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1.2.1 Excretion
· The removal of metabolic waste (by-products and unwanted substances) from the body.
· Carbon dioxide (produced from respiration + then breathed out) and Nitrogen-containing compounds (produced from
excess amino acids + broken down by deamination + removed in the urine) are excreted in large amounts.
Why Must These Substances Be Removed?
· Excess carbon dioxide is toxic:
­ CO2 is transported as hydrogencarbonate ions which compete with oxygen for space on the haemoglobin. This reduced the oxygen transport.
­ CO2 + haemoglobin = carbaminohaemoglobin ­ lower affinity for oxygen than haemoglobin.
­ Excess CO2 can cause respiratory acidosis:
· CO2 dissolved in blood plasma to produce carbonic acid.
· Carbonic acid dissociates to release hydrogen ions.
· This makes blood more acidic.
· Causes slow/difficult breathing, headaches, confusion, rapid heart rate + changes in blood pressure.
· The body cannot store excess proteins/amino acids ­ wasteful to excrete amino acids (contain a lot of energy).
· They are transported to the liver and amino group removed (deamination) to produce ammonia.
· Ammonia is converted to urea + excreted.
· Remaining keto acid can be used in respiration or stored as a carbohydrate or fat.…read more

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1.2.2 The Liver
Structure of The Liver
· Liver cells = Hepatocytes - carry out lots of metabolic processes (needs a good supply of blood).
· Liver is supplied with blood from 2 sources:
­ OXYGENATED blood from the HEART = aorta -> hepatic artery
­ DEOXYGENATED blood from the digestive system = enters via the hepatic portal vein.
· Blood leaves the liver via the hepatic vein -> vena cava -> normal circulation.
· Bile duct carries bile from liver to gall bladder + stored until needed to help digestion of fats in small intestines.
· Kupffer cells are specialised macrophages. They
breakdown and recycle old red blood cells
­ this process produces bilirubin which is excreted
as bile + in faeces.…read more

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1.2.3 Functions of The Liver
· The liver carries out a wide range of functions, including:
­ CONTROL OF: blood glucose levels, amino acid levels, lipid levels.
­ SYNTHESIS OF: red blood cells, bile, plasma proteins, cholesterol.
­ STORAGE OF: vitamins, iron, glycogen.
­ DETOXIFICATION OF: alcohol, drugs.
­ BREAKDOWN OF: hormones.
­ DESTRUCTION OF: red blood cells.
Formation of Urea
· Urea is an excretory product formed from the breakdown of excess amino acids.
· Deamination produces ammonia (very soluble and toxic - cannot accumulate) and a keto acid (enter respiration and release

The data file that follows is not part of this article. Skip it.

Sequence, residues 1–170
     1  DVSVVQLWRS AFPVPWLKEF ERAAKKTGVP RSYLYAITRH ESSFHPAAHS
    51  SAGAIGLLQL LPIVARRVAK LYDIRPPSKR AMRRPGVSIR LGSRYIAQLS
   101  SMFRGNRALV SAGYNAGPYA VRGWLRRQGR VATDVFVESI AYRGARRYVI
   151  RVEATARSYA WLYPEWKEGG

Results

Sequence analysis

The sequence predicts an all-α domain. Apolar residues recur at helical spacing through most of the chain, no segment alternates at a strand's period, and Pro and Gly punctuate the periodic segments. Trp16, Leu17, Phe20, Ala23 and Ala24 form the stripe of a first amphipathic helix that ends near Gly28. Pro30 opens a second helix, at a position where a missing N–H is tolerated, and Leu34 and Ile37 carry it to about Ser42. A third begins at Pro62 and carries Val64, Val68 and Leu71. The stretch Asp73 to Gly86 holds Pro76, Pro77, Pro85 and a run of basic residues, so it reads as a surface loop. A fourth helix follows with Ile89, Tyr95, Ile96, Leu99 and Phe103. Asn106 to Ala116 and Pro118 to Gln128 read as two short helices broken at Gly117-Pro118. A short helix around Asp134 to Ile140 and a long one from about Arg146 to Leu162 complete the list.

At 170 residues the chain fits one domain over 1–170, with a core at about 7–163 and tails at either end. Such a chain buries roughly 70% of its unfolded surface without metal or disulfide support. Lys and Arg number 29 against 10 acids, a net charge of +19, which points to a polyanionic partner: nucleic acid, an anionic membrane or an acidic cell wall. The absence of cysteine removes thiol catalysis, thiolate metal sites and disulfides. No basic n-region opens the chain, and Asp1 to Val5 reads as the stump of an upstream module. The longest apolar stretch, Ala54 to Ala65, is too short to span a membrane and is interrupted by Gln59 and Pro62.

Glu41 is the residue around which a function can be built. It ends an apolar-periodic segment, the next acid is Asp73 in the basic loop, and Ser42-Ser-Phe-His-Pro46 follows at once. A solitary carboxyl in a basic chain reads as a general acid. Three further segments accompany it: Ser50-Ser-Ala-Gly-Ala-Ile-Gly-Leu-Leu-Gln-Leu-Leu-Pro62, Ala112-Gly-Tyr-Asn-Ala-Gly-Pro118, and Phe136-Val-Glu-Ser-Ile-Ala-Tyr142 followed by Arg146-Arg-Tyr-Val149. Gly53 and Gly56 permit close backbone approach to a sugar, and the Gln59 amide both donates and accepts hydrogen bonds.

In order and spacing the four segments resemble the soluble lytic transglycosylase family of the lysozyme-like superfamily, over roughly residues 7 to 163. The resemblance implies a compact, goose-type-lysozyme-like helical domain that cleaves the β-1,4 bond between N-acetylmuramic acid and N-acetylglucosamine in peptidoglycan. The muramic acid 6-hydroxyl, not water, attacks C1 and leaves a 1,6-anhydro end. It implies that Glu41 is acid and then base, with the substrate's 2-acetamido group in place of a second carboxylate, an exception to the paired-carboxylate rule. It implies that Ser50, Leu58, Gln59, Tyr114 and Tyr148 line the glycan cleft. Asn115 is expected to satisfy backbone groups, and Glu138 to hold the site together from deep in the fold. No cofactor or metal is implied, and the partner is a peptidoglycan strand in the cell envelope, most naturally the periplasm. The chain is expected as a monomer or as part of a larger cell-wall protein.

· Ammonia has to be converted to a less toxic form very quickly.
· It is combined with CO2 to produce urea ­ the ornithine cycle.
· Urea can be passed into the blood to travel to the kidneys, filtered out of the blood and made into urine, released from the
· Ornithine Cycle:
­ ammonia + carbon dioxide -> urea + water
· Detoxification is the conversion of toxic molecules to less/non toxic molecules.
· Liver cells contain many enzymes that detoxify molecules such as catalase (converts hydrogen peroxide to oxygen + water).
· Alcohol is broken down in liver cells by ethanol dehydrogenase to ethanal.
· Ethanal is broken down by ethanal dehydrogenase to ethanoate (acetate).
· Ethanoate + coenzyme A -> acetyl coenzyme A (enters respiration).
· The hydrogen atoms released in this process combine to NAD = reduced NAD.
· NAD used to oxidise + break down fatty acids. If this does not happen, they are stored in the liver as lipids = fatty liver.…read more

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1.2.4 The Kidney
· The role of the kidney is to remove waste products from the blood and to produce urine.
The Nephron
Medulla · About 1 million tiny tubules (nephrons) in each kidney.
How Does the Composition of the Fluid Change?
· The fluid is altered by the reabsorption of sugars, salts and water in the proximal convoluted tubule ­ about 85% of fluid is
reabsorbed here.
· Water potential of fluid changes in the ascending and descending loop of Henle.
· Water potential decreased in collecting duct due to removal of water.…read more

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1.2.5 Formation of Urine
· Blood flow: afferent arteriole -> glomerulus -> Bowman's capsule.
· The barrier between the glomerulus and the Bowman's capsule lumen consists of three layers:
­ ENDOTHELIUM OF CAPILLARIES = narrow gaps between cells that blood plasma can pass through.
­ BASEMENT MEMBRANE = fine mesh of fibres which filter the blood. Only small molecules can pass through.
­ EPITHELIAL CELLS (PODOCYTES) = podocytes have many finger-like projections which ensure there are no gaps between the cells.
· Blood plasma containing WATER, AMINO ACIDS, GLUCOSE, UREA + INORGANIC IONS is put under pressure from the capillary
-> Bowman's Capsule.
· Blood cells and proteins are left in the capillary.
Selective Reabsorption
· As fluid moves along the nephron, substances are removed from the fluid + reabsorbed into the blood (mostly in the
proximal convoluted tubule).
· GLUCOSE, AMINO ACIDS, SALTS and WATER are reabsorbed.
· Sodium ions actively transported out of cells into tissue fluid.
· The cells lining the proximal convoluted tubule are specialised to achieve this reabsorption:
­ Membrane is folded to increase surface area for reabsorption to occur.
­ Membrane contains co-transporter proteins (facilitated diffusion causes sodium ions, glucose + amino acids to enter cells).
­ Membrane contains sodium-potassium pumps (remove sodium ions from the cell cytoplasm).
­ Cell cytoplasm has many mitochondria.
­ Water enters the cells and is then reabsorbed into the blood by osmosis.…read more

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